Abstract: Allergy-associated diseases have a multitude of confirmed or suspected etiologies and associations affecting organs and organ systems. The hyper-reactivity of the immune system in which the eosinophils are prominent plays a central role in organ-specific and systemic effects in these diseases. Patients may be plagued with nonspecific, episodic, or progressive signs and symptoms. Patients may also exhibit signs and symptoms that mimic more common conditions. Recognition of certain patterns of clinical signs and symptoms may lead to definitive clinical diagnosis and effective treatment, particularly of less common but potentially lethal disease entities. The lack of clinical recognition of these patterns, whether due to “red herring” historical information, lack of sign/symptom specificity, clinical presentation at early stage, or unfamiliarity with the constellation of disease presentation, may delay or preclude diagnosis and treatment. The forensic pathologist must also have an awareness of varied clinical presentations of diseases because these can provide us with direction toward the ultimate determination of cause and manner of death.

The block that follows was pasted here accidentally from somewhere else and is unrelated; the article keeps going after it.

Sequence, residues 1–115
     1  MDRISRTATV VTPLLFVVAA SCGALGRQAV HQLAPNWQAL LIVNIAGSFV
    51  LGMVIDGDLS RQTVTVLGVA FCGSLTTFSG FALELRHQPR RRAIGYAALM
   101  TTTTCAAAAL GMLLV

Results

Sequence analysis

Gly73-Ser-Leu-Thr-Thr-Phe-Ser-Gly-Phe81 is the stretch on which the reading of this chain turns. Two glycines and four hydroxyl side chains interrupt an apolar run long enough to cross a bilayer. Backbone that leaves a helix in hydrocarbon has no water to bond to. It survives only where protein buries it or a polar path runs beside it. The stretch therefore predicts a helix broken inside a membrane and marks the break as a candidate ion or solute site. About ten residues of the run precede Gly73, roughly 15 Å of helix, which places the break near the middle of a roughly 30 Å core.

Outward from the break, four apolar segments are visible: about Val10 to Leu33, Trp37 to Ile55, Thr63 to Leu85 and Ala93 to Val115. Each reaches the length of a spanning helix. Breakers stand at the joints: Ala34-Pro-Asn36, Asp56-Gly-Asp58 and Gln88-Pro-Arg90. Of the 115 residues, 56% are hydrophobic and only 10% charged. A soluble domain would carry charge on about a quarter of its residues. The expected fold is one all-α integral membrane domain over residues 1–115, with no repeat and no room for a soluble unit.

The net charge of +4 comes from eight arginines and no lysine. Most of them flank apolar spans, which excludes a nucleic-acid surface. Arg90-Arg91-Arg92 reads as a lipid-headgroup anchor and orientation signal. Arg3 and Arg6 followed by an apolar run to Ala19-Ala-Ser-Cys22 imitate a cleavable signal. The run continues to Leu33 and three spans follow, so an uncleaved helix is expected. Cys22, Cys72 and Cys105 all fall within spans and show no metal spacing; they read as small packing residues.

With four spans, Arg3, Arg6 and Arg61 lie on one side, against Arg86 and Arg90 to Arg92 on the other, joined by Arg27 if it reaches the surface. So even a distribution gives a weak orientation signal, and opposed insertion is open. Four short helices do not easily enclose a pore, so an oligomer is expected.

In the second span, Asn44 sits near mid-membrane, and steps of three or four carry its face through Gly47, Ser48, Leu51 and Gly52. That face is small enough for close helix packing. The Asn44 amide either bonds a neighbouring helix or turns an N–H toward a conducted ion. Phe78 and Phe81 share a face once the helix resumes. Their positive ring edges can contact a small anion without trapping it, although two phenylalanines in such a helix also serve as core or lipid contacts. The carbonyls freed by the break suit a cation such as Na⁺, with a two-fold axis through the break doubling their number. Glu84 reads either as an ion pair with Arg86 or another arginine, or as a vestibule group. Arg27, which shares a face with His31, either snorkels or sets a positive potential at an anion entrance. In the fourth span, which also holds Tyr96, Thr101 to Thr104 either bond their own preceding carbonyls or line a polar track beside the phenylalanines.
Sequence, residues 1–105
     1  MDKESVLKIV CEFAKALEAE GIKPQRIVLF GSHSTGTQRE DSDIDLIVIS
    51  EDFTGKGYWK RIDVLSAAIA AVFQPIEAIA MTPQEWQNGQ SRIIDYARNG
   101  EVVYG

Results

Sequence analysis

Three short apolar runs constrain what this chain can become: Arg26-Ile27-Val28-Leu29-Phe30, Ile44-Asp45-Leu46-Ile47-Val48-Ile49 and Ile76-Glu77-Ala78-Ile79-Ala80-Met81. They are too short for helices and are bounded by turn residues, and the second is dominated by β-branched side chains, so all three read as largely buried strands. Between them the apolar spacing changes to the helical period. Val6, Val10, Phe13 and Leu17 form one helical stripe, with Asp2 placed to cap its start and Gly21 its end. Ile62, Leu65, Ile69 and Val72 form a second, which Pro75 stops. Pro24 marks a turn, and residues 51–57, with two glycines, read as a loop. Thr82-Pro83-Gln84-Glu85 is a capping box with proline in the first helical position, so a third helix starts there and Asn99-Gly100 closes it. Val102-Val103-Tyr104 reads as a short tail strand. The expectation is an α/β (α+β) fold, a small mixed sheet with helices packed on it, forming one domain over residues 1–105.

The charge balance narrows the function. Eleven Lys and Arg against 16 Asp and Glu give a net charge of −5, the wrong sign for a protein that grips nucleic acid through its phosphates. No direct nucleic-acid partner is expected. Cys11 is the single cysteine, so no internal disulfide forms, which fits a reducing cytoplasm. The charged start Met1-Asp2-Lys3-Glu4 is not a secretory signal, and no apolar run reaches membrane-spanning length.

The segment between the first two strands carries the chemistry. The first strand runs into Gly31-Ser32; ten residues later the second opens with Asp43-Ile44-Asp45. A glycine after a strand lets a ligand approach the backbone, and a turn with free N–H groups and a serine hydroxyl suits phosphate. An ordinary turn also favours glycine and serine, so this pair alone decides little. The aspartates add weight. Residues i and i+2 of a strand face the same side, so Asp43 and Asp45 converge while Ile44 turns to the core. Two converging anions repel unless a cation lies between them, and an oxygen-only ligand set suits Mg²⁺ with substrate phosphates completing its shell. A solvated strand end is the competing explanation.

The importance and contribution of the practice of forensic pathology are highlighted in the instance of sudden and unexpected death, whereby the previously unrecognized or unconfirmed disease entity that leads to the death is revealed via analysis of scene information, autopsy performance, and review of medical history and history of the most recent illness. Through this comprehensive approach, a greater understanding of the extent and potential lethality of disease with reiteration of the importance of early clinical diagnosis and treatment is reinforced. This benefits the medical community involved in diagnosis and treatment, clinicians and pathologists alike, with the ultimate goal of reduction of morbidity and mortality.
Reported is a case of sudden unexpected death with historical, gross, and microscopic findings consistent with a multisystem, inflammatory, allergic disease entity.
From the Cuyahoga County Medical Examiner’s Office, Cleveland, OH.
Manuscript received October 11, 2013; accepted December 1, 2013.
The author reports no conflicts of interest.
Reprints: Erica J. Armstrong, MD, Cuyahoga County Medical Examiner’s Office, 11001 Cedar Ave, Cleveland, OH 44106. E-mail: firstname.lastname@example.org.